ATHENS, Greece (AP) — The radical left, anti-austerity Syriza party has won Greece's vote, election officials said on Sunday.
But it was unclear whether the communist-rooted party, led by 40-year-old Alexis Tsipras, had won by a big enough margin over Prime Minister Antonis Samaras' incumbent conservatives to govern alone. For that, they need a minimum 151 of parliament's 300 seats.
Official results from 17.6 percent of polling stations counted showed Syriza with 35 percent and Samaras' New Democracy with 29.3 percent. An exit poll on state-run Nerit TV projected Syriza as winning with between 36 and 38 percent, compared to ND with 26-28 percent.
Supporters of the opposition radical leftist Syriza party cheer at exit poll results which indicate that Syriza have a clear lead on January 25, 2015 in in Athens, Greece. (Photo by Milos Bicanski/Getty Images)
Earlier projections had given Syriza 146-158 seats in parliament, and New Democracy 65-75 seats.
Outgoing Prime Minister Samaras conceded defeat late on Sunday, and called Syriza's Tsirpas to congratulate him on the victory.
Tsipras has promised to renegotiate the country's 240 billion-euro ($270 billion) international bailout deal, and seek forgiveness for most of Greece's massive debt load. He has pledged to reverse many of the reforms that creditors demanded — including cuts in pensions and the minimum wage, some privatizations and public sector firings — in exchange for keeping Greece financially afloat since 2010.
As Tsirpas went to cast his vote in Athens, youth activists from his Syriza party were heard to chant "the Left's time has come!"
"What's clear is we have a historic victory that sends a message that does not only concern the Greek people, but all European peoples," Syriza party spokesman Panos Skourletis said on Mega television. "There is great relief among all Europeans. The only question is how big a victory it is."
Skourletis said the election results heralded "a return of social dignity and social justice. A return to democracy. Because, beyond the wild austerity, democracy has suffered." He stated that Syriza's victory "sends a message against austerity and in favour of dignity and democracy."
Syriza's anti-bailout rhetoric appealed to many in a country that, in the past five years of its acute financial crisis, has seen a quarter of its economy wiped out, unemployment of above 25 percent, and average income losses of at least 30 percent.
But it has also renewed doubts over Greece's ability to emerge from its financial crisis, and fears that the country's finances could once again send shockwaves through global markets and undermine the euro, the currency shared by 19 European countries.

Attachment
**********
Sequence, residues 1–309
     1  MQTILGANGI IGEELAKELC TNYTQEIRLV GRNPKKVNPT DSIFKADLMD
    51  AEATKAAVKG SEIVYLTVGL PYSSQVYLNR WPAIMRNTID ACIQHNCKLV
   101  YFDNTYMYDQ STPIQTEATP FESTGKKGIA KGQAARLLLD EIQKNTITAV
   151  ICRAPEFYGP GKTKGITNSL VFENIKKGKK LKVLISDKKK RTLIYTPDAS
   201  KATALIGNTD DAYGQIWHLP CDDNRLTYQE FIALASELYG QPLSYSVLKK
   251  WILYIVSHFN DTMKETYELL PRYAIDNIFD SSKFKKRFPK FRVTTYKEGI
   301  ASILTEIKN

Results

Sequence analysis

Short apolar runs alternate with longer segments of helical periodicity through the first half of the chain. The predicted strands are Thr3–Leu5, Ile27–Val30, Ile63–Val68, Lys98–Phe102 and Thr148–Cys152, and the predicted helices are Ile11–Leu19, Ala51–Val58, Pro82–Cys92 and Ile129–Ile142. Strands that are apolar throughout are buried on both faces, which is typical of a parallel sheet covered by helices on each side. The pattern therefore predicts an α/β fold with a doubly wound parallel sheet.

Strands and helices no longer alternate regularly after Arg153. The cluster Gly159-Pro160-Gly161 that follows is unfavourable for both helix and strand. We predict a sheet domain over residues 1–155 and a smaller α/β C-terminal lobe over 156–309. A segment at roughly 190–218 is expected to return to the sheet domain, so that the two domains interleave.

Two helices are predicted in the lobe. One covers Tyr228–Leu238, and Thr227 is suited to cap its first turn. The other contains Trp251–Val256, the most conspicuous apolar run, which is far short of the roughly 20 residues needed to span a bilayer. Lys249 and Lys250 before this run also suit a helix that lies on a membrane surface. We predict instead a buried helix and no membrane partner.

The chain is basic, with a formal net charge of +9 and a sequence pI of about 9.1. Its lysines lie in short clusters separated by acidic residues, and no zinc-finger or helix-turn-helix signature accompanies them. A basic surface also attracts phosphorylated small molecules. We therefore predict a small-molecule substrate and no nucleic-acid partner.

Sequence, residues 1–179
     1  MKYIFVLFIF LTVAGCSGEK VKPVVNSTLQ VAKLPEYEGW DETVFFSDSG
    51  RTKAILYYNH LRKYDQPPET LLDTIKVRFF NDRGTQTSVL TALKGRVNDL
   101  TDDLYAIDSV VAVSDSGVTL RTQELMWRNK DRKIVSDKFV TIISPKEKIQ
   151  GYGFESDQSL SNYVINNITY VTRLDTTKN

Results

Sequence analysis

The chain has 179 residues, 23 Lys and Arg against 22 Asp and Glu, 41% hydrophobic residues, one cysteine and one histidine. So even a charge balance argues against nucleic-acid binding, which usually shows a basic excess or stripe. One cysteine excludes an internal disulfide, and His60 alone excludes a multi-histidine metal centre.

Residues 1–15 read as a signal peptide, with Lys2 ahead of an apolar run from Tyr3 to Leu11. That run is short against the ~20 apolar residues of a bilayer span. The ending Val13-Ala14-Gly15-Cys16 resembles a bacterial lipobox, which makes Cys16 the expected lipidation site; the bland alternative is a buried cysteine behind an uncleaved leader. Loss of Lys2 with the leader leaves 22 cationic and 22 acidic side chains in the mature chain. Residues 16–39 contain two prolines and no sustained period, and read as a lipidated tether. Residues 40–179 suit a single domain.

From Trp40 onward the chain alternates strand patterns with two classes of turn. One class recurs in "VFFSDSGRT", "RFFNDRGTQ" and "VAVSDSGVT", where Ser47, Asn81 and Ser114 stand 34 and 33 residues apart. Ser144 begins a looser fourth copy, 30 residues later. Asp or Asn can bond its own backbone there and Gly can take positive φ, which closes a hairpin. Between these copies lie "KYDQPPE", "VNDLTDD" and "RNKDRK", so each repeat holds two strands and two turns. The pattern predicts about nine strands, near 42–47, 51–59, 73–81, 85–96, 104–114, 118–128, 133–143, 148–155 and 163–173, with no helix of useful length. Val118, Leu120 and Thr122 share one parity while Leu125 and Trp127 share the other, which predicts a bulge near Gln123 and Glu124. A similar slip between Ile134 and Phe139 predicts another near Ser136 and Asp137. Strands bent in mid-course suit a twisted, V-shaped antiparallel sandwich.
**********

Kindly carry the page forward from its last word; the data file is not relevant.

People look at a giant screen showing a exit poll on January 25, 2015 in Athens, Greece. (Photo by Matt Cardy/Getty Images)
Samaras' New Democracy party conceded defeat not too long after the exit poll was announced.
"We lost," Health Minister and conservative party parliamentary spokesman Makis Voridis told private Mega TV, adding that the extent of the defeat wasn't yet clear. He said the government's austerity policies, implemented to secure vital international bailouts, "make sense" but were cut short before they could bear fruit.
Administrative Reform Minister Kyriakos Mitsotakis congratulated Syriza, saying its victory "cannot be questioned."
"It is evident the Greek people believed there is another way forward than the one described by the government," he said. "For the good of the country, I hope they are right."
Greeks have faced years of austerity measures, including cuts in wages, pensions and government spending, and tax increases.
Greece's creditors insist the country must abide by previous commitments to continue receiving support, and investors and markets alike have been spooked by the anti-bailout rhetoric. Greece could face bankruptcy if a solution is not found, although speculation of a "Grexit" — Greece leaving the euro — and a potential collapse of the currency has been far less fraught than during the last general election in 2012.
"There is an expectation of economic relief for many, of a reboot of the economy and there will be a new debate on the servicing of the debt," Syriza's Skourletis said. "Europeans have accommodated themselves with the idea."
Hundreds of people turned out to celebrate outside Syriza's main electoral kiosk in central Athens, waving flags and cheering.
The centrist Potami (River) party was battling for third place with the Nazi-inspired, extreme right-wing Golden Dawn, whose leadership is in prison pending trial for running a criminal organization. Both were projected as being between 6 and 7 percent. Early official returns showed Golden Dawn slightly ahead with 6 percent, compared to Potami's 5.6 percent.
If Syriza falls shy of the 151 seats necessary to form a government on its own, it will have to seek support from other parties — either in a minority government or as a coalition.
A Syriza government will see Tsipras becoming Greece's youngest prime minister in 150 years.
Derek Gatopoulos in Athens contributed to this report.